Alexanderplatz underground station, Berlin
Thursday, November 7 2019, 9:00 a.m. - 6:30 p.m.
What does the future of medicine look like? What's trending? What's new in health science? Which challanges is the health system facing? Learn about the answers to these questions and more at the fourth Future Medicine Conference.
This year's focus: Translational Medicine
- Single Cells in Translational Research
- Smart Data and Translational Medicine
- Translational Cancer Research
Friday, November 8, 2019, 9 a.m. - 5 p.m.
Textbooks teach "from DNA to RNA to protein", but this dogma is now long obsolete. MDC researchers are investigating the function of non-coding RNAs in neurons, using as a model a human brain grown in a Petri dish, a so-called brain-organoid or mini-brain. Through experiments, demonstrations and lectures you will experience the state of the art in science and receive valuable information about current trends in life science research.
The training takes place in the group of Prof. Dr. Rajewsky, Systems Biology of Gene Regulatory Elements, and is part of the program for.
Target group: High school teachers
- Dr. Agnieszka Rybak-Wolf
- Janis Hötzel
Registration via email to
, Rajewsky Lab
Hannoversche Str. 28
Cooking with microbiomes, discussing animal experiments, learning new things from research: The MDC offers opportunities throughout Berlin to experience science and scientists.
Genome editing tools such as CRISPR are beginning to reshape the physical world around us, one base pair at a time. As an Artist in Residence in labs at the Max Delbrück Center for Molecular Medicine (MDC) and at STATE Studioexplored how this could affect society in the future. Her questions were threefold:
- Why do cells age and how could it be stopped or reversed? (Science)
- What is behind the human wish to live forever? (Philosophy) and
- What would a society look like where people can choose to extend their lifespan? (Speculative scenario).
On November 1st, she will present the resulting artwork called “AEON - Trajectories of Longevity and CRISPR” at the new science art gallery STATE Studio in Berlin.
Tikka's art is designed to spark debate. Prominent scientists from the MDC will join her and provide even more food for thought. In three short keynotes Dr.(MDC Group Leader “Evolutionary and Cancer Genomics”), Dr. (Head of the MDC Scientific Genomics Platforms), and Professor (University Outpatient Clinic for Muscle Disorders, Experimental and Clinical Research Center at the MDC) will speak about their own quest to find and understand patterns in the human genome that are relevant to health and disease, and even their plans to edit genes in order to help patients.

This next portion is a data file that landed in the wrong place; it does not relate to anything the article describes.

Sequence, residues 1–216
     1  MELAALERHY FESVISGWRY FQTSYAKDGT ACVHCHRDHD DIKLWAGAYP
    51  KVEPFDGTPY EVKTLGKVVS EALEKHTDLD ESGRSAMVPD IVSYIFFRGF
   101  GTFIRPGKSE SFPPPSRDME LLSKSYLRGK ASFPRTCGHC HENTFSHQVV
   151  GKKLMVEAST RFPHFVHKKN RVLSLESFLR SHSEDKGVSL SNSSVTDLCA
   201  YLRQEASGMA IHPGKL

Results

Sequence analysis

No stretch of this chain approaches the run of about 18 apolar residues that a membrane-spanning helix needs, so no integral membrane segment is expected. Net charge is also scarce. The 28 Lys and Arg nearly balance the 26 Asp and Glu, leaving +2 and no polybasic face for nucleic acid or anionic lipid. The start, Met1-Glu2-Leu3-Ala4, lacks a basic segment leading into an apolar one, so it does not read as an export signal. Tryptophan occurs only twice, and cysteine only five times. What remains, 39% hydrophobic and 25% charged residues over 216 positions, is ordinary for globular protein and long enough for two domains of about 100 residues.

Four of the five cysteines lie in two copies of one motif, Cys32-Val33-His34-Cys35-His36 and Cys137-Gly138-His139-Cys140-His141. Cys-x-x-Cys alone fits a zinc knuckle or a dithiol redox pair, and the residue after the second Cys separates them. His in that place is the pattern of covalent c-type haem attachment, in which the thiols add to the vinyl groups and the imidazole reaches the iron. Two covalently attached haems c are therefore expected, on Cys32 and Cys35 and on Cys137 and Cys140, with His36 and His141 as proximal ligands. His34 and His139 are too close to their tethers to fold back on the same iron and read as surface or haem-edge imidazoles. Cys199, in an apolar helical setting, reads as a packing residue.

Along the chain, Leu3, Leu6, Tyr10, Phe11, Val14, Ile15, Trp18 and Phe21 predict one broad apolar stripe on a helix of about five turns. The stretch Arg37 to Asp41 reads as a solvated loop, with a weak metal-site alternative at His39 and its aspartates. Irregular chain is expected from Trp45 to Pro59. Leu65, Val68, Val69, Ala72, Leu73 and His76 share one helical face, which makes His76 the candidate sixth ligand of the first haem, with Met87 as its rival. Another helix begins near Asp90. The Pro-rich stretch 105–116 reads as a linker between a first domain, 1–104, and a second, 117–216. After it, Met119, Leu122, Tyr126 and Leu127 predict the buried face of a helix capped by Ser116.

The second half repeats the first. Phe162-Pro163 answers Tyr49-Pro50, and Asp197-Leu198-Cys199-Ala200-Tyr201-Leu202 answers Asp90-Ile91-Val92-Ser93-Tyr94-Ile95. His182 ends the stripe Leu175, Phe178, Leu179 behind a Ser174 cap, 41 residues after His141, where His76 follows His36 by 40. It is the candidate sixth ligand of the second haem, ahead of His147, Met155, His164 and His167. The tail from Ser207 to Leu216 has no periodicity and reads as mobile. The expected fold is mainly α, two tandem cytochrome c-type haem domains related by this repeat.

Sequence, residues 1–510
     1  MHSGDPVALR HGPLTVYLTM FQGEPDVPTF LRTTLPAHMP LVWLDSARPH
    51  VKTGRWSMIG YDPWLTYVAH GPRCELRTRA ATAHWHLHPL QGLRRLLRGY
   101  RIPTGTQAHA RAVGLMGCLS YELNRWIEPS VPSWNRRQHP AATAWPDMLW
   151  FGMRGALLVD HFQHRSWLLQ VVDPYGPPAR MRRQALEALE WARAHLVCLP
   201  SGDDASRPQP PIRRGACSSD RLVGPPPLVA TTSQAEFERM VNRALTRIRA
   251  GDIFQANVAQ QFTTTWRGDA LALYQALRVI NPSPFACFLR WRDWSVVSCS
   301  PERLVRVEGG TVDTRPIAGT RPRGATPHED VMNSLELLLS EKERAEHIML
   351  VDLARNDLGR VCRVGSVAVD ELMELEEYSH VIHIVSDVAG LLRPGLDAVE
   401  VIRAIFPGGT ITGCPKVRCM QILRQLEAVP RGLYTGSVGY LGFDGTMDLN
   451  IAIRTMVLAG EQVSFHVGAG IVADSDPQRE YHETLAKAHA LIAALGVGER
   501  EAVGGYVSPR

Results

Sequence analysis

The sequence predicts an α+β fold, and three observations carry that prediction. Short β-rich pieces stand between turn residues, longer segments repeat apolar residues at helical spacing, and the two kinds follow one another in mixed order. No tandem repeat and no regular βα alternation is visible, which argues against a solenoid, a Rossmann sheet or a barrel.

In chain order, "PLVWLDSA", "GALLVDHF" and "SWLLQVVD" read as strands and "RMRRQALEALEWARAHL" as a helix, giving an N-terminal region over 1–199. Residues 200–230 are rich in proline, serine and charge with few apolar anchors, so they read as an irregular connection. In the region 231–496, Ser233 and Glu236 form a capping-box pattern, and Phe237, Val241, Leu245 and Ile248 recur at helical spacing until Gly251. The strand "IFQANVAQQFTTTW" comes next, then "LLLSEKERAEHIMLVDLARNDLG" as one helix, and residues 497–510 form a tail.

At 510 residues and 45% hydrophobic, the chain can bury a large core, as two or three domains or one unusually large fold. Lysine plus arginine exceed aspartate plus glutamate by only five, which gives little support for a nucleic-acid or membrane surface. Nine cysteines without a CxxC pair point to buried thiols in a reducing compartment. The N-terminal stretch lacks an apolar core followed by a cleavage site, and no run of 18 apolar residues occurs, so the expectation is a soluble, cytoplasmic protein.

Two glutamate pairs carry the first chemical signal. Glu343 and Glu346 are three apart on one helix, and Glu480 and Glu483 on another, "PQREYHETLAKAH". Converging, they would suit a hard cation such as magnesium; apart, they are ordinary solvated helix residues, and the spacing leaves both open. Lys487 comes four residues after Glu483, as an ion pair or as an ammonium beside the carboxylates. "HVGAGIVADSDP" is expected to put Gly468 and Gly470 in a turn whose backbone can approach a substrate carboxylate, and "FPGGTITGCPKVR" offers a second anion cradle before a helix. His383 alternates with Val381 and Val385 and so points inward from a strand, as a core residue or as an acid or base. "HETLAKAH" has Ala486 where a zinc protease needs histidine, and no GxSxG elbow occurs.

Together with renowned bioethicist Professor Jens Reich (MDC) they will discuss how far along we are on our way from understanding the genome to tinkering with it – and what the future might hold. The panel is moderated by Dr. Luiza Bengtsson. Refreshments will be provided.
The artist residency was funded by the EU ORION Open Science Project, which aims to engage society in discussions of the risks and opportunities presented by disruptive technologies.
Time and Place
November 1st, 2018, 17:00-20:00 p.m.
Berlin Science Week Meeting Hub @ STATE Studio, Hauptstrasse 3, 10827 Berlin (underground station Kleistpark)
To register for the mini-symposium with guided tours, keynotes, panel discussion and refreshments please register.
Professor Simone Spuler’s research focuses on the understanding of cell processes in muscular dystrophy, in muscle regeneration and aging, and, in particular, in developing novel therapies. Currently she heads the Institute for Muscle Sciences and University Outpatient Clinic for Muscle Disorders of the Charite located in Berlin-Buch and holds a Professorship in the Department of Biology, Chemistry, Pharmacy at the Freie Universität Berlin.
Professor Jens Reich has worked at Berlin-Buch since 1968. From 1992 until he became emeritus in 2004, he was leader of MDC’s research group on medical genomics; today, he is an ombudsman. In the 1980s, Jens Reich was active in the civil rights movement in the GDR and, in 1989/90, was a co-founder of the “New Forum”. In 1994, he stood as an independent candidate for the office of Federal President and, from 2001 to 2012, was a member of the German Ethics Council.
Dr. Roland Schwarz, lead investigator of MDC-BIMSB junior research group on “Evolutionary and Cancer Genomics” since October 2016, develops and applies machine learning and statistical methods to reconstruct the evolutionary history of cancer in the patient and associate germline and somatic variation with changes in gene regulation. His main research question is how cancer evolves in the body of a patient.
Dr. Sascha Sauer leads the scientific Genomics platform at the MDC-BIMSB since August 2016. The Scientific Genomics Platform focuses on functional genome research using sophisticated next generation sequencing methodologies. His research concerns Nutrigenomics and Gene Regulation. Together with his team, he discovered a gene regulatory substance in licorice root effective against diabetes mellitus type 2, as well as basic mechanisms of the effects of the “magical” natural substance resveratrol.
Emilia Tikka is a designer, artist and filmmaker – originally from Finland and currently based in Berlin. Her interdisciplinary design and research practice explores philosophical dimensions and cultural implications of novel biotechnologies such as synthetic biology and gene editing technology CRISPR-cas9. Her methods of research varies from designing objects, constellations, concepts and fictions to writing and hands-on laboratory experiments.
Dr. Luiza Bengtsson is a biochemist, science communicator and science educator with work experience and educational background in Germany, Sweden, Poland and USA. In her current role, she’s responsible for knowledge exchange and public engagement at the MDC. Her most recent project is the ART -SCIENCE collaboration on the topic of genome editing, in the framework of the EU-funded H2020 project ORION aiming at promoting cultural change towards Open Science.
from Emilia Tikka`s project ÆON. Photographer: Zuzanna Kaluzna